A.B., A.M., D.D., LL.D.
Professor, Systematic Theology, 1873-95.
John Miley joined the Drew faculty as chair of systematic theology in 1873, after his brother-in-law, President Foster, left the seat vacant. Miley had graduated from Augusta College and, as a pastor, had held nineteen different appointments. Miley was one of "the Great Five" revered professors who led Drew for decades. He was the author of Systematic Theology. Miley died in 1895.
Of the men who taught theology at Drew for the first fifty years of its history, none was more distinctively the systematic theologian. Miley did not have the range of scholarship of McClintock, nor yet the verbal felicity of Foster, and he was certainly far from the sheer vitality, brilliance, and originality which were to come with his immediate successor, Olin A. Curtis. But he brought to the teaching of theology at Drew a strength and solidity of mind which expressed themselves in his "system" and still remain its characteristic marks.
Miley's writings are severe in style, legalistic in temper: everywhere they bespeak the logician, interested much more in the coherence of the argument than in literary grace and finish. There are pages in both his Systematic Theology and his Atonement which are drier than dry: they are nothing less than arid. Yet by every testimony, the man must have had qualities which the books fail to reveal. The mind of Miley may be in the books, but his heart and soul are in his portrait. The face is a benign face. This is no befuddled Savonarola; no dour John Knox; no dictatorial Calvin. One can well believe that these eyes often twinkled with a quiet humor, and that the classroom sessions where this man presided were not always overweighted with solemnity.
He lived with his two daughters in what was known as "The Rogers' Dormitory" (how are the mighty fallen!). One can almost see for oneself the sturdy figure, clad in stormy weather in a greatcoat still further supplemented by an Inverness cape, emerging from the front door and walking with measured step to the classroom in Mead Hall. He served as the campus clock, a Drew Kant in respect of punctuality. "When we saw him crossing the campus, we knew the hour for class had arrived. No watch was necessary. He was practically never absent from class, and he was never late."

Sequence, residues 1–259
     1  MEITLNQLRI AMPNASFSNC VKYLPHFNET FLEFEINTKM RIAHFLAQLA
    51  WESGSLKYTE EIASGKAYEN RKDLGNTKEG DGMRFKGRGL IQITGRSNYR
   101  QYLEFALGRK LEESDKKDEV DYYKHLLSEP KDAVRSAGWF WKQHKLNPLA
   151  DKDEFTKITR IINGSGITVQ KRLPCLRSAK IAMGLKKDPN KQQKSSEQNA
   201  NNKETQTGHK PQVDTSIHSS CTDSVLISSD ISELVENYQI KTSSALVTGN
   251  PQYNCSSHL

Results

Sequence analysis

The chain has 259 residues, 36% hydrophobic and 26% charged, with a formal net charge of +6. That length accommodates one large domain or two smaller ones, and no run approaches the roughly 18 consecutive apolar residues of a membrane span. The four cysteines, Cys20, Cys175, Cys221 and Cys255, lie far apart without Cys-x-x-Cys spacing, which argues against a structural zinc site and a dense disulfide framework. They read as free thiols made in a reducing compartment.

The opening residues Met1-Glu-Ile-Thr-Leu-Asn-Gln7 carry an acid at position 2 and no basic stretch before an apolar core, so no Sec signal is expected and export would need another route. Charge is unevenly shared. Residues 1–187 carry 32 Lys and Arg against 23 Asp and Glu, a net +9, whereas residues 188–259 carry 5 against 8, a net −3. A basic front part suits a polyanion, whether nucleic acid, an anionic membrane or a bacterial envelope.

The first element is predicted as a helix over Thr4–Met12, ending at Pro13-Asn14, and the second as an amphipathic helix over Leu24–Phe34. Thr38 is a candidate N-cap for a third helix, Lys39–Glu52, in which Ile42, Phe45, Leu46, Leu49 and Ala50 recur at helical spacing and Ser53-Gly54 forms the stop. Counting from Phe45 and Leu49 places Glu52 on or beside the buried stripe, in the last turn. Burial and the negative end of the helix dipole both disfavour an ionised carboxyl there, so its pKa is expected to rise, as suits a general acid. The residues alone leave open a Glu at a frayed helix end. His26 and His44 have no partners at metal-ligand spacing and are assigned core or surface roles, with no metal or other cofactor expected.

The story lingers of the huge enjoyment with which he watched from behind a convenient tree a bashful new student from a Maryland farm, uncouth, bewhiskered, and of unsuspected strength, turn in wrath upon a group of three tormentors, throw one of them to the ground, deposit the other two on the prostrate form, seat himself atop of the squirming pile, and roar out his determination to make jelly of the lot if they did not "leave him be." One likes that story-and suspects that the amused professor perceived a somewhat concrete illustration of his favorite theme of "distributive" justice!
Miley was true to a theological tradition in his love of walking. Solvitur ambulando. He was observant of Nature's changing moods, with somewhat of a Wordsworthian eye, and those who knew him testify that he as he walked he gathered richly "the harvest of a quiet eye." But his chief relaxation was quoits. It is a persistent legend that he was the best quoits-player on the campus. He had an uncanny skill in scoring "ringers," and this in spite of the fact that he invariably played in his long "Prince Albert" coat-his one sad violation of quoits history! One confesses with much less pride that he always played croquet, although it is a satisfaction to know that he played it less expertly than his colleague, Samuel F. Upham. Skill in croquet is no masculine virtue: its implications are lawns, ladies, and leisure. But skill in quoits is another matter: the game is redolent of the lusty virility of pioneer days. For the understanding mind, the clang of the horse-shoe against the stake echoes "embattled farmers." It brings up visions of horny-handed men who loved the feel of iron, visions of the shod hooves of great horses, of the ringing blows of the blacksmith's forge. From such stock came John Miley, and with such men he played as a boy in Ohio.